In this article, discover how our team can help you save money by reviewing your estimated assessed value of your property.
If you own property, you have to pay property taxes. Whether you own residential, commercial, or industrial property, you have to pay. Commercial and industrial property owners are especially aware, based on the affect taxes have on their bottom line. (see the chart below)
Regardless of where you live in Canada, you have to pay property taxes. In every province, the same formula applies. Your taxes are based on the estimated “assessed” value for your property multiplied by the appropriate tax rate applied by the municipality you live in. Tax rates differ from one city to another, but be assured, the city will find you and tax you!
Depending on which province you live in, there is a different “re-assessment” cycle. For instance, Ontario uses a four year cycle, British Columbia uses a one year cycle, and Quebec uses a 3 year cycle. Each province has its own legislation and is administered by its own Assessment Act. In Ontario, the Municipal Property Assessment Corporation (MPAC) is the assessing authority and it has more than five million properties to assess.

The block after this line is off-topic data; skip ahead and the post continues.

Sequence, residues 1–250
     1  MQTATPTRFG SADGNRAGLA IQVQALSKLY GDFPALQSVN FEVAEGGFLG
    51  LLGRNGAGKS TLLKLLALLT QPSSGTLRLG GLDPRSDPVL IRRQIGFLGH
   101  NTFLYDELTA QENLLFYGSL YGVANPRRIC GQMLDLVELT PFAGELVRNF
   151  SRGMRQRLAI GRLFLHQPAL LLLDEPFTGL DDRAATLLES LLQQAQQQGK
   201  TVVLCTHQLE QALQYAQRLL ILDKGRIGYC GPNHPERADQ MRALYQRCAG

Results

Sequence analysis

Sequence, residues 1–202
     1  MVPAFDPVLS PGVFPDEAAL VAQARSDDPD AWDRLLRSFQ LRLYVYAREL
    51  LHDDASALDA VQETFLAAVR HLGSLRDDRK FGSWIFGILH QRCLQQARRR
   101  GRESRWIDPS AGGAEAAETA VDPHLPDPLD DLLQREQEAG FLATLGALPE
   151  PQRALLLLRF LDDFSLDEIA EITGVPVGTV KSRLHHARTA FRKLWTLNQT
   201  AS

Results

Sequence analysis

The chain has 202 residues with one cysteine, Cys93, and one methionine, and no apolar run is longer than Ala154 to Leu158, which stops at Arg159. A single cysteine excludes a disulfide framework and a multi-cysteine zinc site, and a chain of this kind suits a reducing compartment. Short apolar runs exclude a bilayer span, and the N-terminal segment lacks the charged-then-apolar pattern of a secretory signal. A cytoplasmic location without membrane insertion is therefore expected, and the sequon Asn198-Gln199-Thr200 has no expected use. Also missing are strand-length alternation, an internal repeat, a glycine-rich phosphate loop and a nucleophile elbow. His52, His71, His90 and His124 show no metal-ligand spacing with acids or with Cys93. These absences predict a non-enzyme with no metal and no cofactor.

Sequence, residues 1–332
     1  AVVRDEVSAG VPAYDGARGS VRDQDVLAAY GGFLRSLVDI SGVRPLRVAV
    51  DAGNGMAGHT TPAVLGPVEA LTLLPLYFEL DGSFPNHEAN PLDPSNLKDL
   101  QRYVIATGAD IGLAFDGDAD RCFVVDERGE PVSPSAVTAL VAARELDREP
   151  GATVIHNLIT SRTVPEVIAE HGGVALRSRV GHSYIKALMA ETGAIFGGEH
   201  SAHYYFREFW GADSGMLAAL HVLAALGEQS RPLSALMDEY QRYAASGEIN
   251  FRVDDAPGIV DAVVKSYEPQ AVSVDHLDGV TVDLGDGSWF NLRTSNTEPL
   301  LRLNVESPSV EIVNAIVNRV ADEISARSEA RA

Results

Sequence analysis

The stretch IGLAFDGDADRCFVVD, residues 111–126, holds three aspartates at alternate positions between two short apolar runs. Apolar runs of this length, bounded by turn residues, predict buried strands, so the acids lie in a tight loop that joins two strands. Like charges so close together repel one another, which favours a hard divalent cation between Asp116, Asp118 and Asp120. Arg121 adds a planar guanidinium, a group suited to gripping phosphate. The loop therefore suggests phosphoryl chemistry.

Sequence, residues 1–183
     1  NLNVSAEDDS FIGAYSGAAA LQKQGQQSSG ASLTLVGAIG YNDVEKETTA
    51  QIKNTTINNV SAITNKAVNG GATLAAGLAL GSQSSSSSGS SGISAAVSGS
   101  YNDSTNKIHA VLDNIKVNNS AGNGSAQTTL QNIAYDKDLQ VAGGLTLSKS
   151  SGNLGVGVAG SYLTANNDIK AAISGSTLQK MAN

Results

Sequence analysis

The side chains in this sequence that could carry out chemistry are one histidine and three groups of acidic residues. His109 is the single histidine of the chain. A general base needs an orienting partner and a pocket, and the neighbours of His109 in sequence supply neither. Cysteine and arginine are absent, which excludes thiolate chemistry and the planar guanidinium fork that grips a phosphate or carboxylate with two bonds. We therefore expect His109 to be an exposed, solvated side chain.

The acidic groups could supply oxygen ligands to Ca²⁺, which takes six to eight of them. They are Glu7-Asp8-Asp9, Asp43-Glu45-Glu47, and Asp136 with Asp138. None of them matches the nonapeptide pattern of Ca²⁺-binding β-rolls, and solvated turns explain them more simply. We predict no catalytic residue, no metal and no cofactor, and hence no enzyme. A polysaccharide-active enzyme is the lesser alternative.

To illustrate the affect property taxes have to your bottom line, we have prepared the following chart. The taxes shown are not fictitious – the taxes have been calculated using actual tax rates from one of Ontario’s medium to large cities. We have estimated a property value of five million dollars. The figures shown are actual taxes.
At Leyton, we understand the large burden that property taxes create, as demonstrated above. We have professionals ready to assist you to navigate these difficult waters. Our mandate is to try to save you money and we would love the opportunity of working with you in that regard.
In a discussion on February 4, 2021, with a representative of the Municipal Property Assessment Corporation (MPAC), we were advised that there may be further delays with the implementation of the next re-assessment, which is supposed to be January 1, 2022. Apparently, the Ontario Ministry of Finance will not yet fully commit to the re-assessment going ahead as legislated.
Claude Lachance – Property tax consultant
If you want to know more about the assessment of your property, Contact one of our experts today!
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